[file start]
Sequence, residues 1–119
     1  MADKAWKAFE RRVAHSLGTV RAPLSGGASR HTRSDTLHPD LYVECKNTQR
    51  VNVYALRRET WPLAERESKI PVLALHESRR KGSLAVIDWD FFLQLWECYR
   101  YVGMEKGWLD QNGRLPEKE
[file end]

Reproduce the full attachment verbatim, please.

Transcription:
Sequence, residues 1–119
     1  MADKAWKAFE RRVAHSLGTV RAPLSGGASR HTRSDTLHPD LYVECKNTQR
    51  VNVYALRRET WPLAERESKI PVLALHESRR KGSLAVIDWD FFLQLWECYR
   101  YVGMEKGWLD QNGRLPEKE